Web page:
Rachel Bey
© Palm Beach County Sheriff
Rachel Bey was found strangled to death along a highway in Palm Beach County on March 7, 2016. Authorities announce arrest on Sept. 16. 2019.
A man charged with a Florida woman's murder has been linked through genetic genealogy to the killing of three women from over a decade ago -- leading authorities to believe a serial killer is now "off the streets."

"Had we not done this [arrest], we're pretty sure he would've killed again," Palm Beach County Sheriff Ric Bradshaw told reporters Monday.

Robert Hayes, 37, was arrested Sunday and charged with one murder, and remains a suspect in three others from 14 years ago, authorities said.

The case began in 2005 and 2006, when three women -- Laquetta Gunther, Julie Green and Iwana Patton -- were fatally shot in the head in separate incidents, said Daytona Beach Police Chief Craig Capri.

Robert Hayes
© Palm Beach County Sheriffs Office
Robert Hayes is seen here in this undated mugshot.
"All three were discovered naked and face down on the ground, with their clothes either under them or found nearby," police said in a statement.

Gunther was killed on Dec. 26, 2005; Green was killed less than a month later, on Jan. 14; and Patton just a few weeks after that, on Feb. 24, 2006.

The three cases were considered linked: two of the three victims were linked by forensic evidence, while two of the three were linked by DNA, Capri said.

Years went by without a lead in any of the killings.

Then on March 7, 2016, about 200 miles south of Daytona Beach, Rachael Bey, a 35-year-old prostitute, was found naked, severely beaten and strangled to death along a highway in Palm Beach County, according to the probable cause affidavit.

DNA of an unidentified man was recovered from Bey's body and entered into the law enforcement database CODIS (the Combined DNA Index System), said Palm Beach County Sheriff Capt. Mike Wallace.

The unknown male DNA from Bey's body matched the mystery suspect in Gunther and Green's killings, said Capri, and investigators in Daytona Beach and Palm Beach County began working together.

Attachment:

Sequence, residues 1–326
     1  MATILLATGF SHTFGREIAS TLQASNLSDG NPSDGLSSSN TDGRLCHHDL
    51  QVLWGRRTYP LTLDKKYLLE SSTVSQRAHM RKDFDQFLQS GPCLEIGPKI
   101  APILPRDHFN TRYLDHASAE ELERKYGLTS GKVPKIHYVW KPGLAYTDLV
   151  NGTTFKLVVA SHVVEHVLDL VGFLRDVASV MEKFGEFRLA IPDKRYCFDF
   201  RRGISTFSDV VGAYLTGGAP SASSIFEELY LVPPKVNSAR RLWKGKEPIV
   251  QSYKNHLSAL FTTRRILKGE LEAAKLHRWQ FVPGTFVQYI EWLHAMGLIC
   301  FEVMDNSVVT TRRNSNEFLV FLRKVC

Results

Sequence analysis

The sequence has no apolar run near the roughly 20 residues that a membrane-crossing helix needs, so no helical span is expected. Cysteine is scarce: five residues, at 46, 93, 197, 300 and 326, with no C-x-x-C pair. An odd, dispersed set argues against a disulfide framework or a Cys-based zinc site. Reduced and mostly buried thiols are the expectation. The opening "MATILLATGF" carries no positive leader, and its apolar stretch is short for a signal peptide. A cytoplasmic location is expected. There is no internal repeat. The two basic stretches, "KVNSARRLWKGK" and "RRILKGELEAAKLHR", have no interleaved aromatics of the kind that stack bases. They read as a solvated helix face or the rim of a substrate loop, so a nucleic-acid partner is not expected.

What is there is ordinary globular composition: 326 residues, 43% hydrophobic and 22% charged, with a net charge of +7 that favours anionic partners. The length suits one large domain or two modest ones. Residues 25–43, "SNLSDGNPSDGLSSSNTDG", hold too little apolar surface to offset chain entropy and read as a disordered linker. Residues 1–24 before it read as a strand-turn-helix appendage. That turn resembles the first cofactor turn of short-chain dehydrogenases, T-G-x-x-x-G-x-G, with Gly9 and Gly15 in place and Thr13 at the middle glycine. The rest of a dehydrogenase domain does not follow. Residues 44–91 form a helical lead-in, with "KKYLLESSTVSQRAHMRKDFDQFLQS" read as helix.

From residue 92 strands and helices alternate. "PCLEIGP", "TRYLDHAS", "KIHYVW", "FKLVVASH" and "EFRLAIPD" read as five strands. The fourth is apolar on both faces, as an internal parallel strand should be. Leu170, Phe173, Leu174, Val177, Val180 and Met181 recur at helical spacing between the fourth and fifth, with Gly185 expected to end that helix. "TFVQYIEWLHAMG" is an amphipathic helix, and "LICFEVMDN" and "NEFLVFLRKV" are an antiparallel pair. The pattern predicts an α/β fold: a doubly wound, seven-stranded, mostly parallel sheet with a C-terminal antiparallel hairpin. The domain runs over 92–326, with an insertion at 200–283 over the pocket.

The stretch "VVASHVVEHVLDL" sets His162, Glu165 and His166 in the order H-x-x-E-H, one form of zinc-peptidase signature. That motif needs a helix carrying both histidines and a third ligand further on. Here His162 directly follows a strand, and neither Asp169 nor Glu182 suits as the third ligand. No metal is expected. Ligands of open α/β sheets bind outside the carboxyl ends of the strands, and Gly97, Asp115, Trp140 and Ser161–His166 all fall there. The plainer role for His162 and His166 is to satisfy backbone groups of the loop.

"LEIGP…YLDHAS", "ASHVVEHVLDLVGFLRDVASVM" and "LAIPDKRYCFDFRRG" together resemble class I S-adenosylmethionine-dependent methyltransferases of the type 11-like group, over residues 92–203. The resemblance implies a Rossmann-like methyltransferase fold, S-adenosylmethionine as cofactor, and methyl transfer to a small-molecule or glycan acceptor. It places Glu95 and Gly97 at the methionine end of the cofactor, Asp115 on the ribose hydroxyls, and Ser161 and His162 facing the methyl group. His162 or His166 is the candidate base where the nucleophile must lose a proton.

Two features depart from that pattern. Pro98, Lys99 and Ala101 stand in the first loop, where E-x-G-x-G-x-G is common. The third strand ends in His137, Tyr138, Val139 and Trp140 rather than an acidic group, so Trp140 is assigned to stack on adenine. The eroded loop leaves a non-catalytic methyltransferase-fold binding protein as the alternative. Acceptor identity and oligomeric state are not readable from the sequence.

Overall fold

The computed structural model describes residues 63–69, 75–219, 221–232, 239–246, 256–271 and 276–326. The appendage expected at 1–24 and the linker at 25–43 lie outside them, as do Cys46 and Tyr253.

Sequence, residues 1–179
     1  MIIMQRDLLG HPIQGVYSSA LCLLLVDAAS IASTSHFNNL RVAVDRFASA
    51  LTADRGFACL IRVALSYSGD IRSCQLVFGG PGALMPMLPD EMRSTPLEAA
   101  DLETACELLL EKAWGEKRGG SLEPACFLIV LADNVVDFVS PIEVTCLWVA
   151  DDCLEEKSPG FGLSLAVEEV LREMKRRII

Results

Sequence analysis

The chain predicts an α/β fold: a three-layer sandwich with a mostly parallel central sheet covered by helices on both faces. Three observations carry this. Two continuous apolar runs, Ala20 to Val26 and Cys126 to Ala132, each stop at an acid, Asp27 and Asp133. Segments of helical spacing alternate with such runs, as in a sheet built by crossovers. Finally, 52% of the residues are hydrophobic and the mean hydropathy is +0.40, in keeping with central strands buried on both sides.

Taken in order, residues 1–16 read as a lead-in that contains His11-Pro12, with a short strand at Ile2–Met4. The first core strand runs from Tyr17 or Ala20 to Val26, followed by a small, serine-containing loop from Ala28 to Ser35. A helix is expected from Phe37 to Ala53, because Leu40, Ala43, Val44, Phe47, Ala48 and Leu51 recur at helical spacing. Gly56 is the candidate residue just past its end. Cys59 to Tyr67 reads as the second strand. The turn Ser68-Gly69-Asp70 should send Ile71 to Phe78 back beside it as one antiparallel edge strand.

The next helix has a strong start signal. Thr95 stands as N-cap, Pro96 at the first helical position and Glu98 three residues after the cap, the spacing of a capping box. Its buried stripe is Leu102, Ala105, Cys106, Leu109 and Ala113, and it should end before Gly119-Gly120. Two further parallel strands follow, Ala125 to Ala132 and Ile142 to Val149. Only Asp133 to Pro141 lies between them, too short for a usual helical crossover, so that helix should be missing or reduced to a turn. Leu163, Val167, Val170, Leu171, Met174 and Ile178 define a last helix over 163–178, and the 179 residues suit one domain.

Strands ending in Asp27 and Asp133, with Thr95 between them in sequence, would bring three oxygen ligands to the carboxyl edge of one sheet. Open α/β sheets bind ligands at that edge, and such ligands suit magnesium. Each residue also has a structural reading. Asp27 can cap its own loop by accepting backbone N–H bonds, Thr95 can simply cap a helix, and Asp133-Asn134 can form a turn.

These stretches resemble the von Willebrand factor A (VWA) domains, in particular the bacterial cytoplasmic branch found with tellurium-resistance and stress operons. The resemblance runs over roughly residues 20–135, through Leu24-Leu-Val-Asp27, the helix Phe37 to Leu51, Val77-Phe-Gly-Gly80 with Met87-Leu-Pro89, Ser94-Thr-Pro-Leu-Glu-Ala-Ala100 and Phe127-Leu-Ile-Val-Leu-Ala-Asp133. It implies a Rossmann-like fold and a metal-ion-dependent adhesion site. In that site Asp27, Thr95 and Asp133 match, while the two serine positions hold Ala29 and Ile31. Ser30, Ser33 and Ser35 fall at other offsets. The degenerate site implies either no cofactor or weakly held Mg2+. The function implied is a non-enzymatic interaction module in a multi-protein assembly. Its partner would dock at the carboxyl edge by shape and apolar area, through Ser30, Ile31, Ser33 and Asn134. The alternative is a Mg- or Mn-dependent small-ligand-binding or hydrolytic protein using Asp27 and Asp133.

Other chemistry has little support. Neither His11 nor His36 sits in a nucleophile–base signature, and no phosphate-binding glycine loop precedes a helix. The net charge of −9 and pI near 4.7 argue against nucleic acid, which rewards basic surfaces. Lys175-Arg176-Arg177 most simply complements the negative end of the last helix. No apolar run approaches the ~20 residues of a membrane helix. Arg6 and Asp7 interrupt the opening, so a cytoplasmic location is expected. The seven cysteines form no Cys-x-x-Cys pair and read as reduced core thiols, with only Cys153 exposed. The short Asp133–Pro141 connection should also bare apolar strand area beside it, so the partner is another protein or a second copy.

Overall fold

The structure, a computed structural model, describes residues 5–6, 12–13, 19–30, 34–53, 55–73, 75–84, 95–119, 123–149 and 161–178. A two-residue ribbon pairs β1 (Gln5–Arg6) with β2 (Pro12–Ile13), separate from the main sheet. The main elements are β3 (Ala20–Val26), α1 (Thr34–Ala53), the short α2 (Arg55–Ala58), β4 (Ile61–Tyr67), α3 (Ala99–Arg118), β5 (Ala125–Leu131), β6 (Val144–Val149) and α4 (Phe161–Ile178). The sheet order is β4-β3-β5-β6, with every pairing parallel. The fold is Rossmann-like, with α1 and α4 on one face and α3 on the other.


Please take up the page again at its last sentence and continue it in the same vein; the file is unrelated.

Though they had DNA matches, the suspect's name was not known. That's when investigators used genetic genealogy, which led to Sunday's arrest of Hayes, authorities said.

Genetic genealogy compares unknown DNA evidence to public genetic databases to identify suspects through their family members -- and has been called a "game-changer" in the effort to crack cold cases.

Since the arrest of the suspected "Golden State Killer" in April 2018, at least 70 suspects have been identified through the technology, according to CeCe Moore, the chief genealogist at Parabon NanoLabs, which investigated the Bey murder among others.

Moore has appeared as an expert in ABC News "20/20" episodes and has been quoted in ABCNews.com articles.

Authorities did not elaborate on which relatives of Hayes were found through genealogy, but on Friday, investigators zeroed in on him. They collected a cigarette he had discarded, according to the probable cause affidavit.

The sample was taken to a lab where officials found that the DNA from the cigarette matched the DNA from Bey's killing and from one of the Daytona Beach killings, according to the probable cause affidavit.

Palm Beach County investigators arrested Hayes on Sunday for the first-degree murder of Bey.

A separate killing of a woman, Stacey Gage, in January 2008 is being investigated to see if it's connected to the other four murders. There is no physical evidence, however, linking it to the other murders at this time, police said.

Hayes, meanwhile, has not been charged in any of the Daytona Beach cases, police said, but he is tied by DNA to Gunther and Green's slayings and is linked by forensic evidence to Patton's death.

He lived in the areas where Bey and the three Dayton Beach victims were last seen, according to the probable cause affidavit. It's believed he attended Bethune-Cookman University in Daytona Beach, Capri said.

It is not clear how the victims and the suspect allegedly came into contact, authorities said. The victims seemed to be targeted randomly, Wallace said.

Hayes' criminal history only involves traffic-related offenses, Capri said.

Hayes made his first court appearance Monday morning and was held on no bond, authorities said. His public defender did not immediately respond to ABC News' request for comment.

Bey's brothers traveled from out of state to attend Monday's press conference in Palm Beach County. Her family chose not to speak.

The State Attorney for Palm Beach County, Dave Aronberg, vowed to get "justice" for Bey.

ABC News' Ben Stein contributed to this report.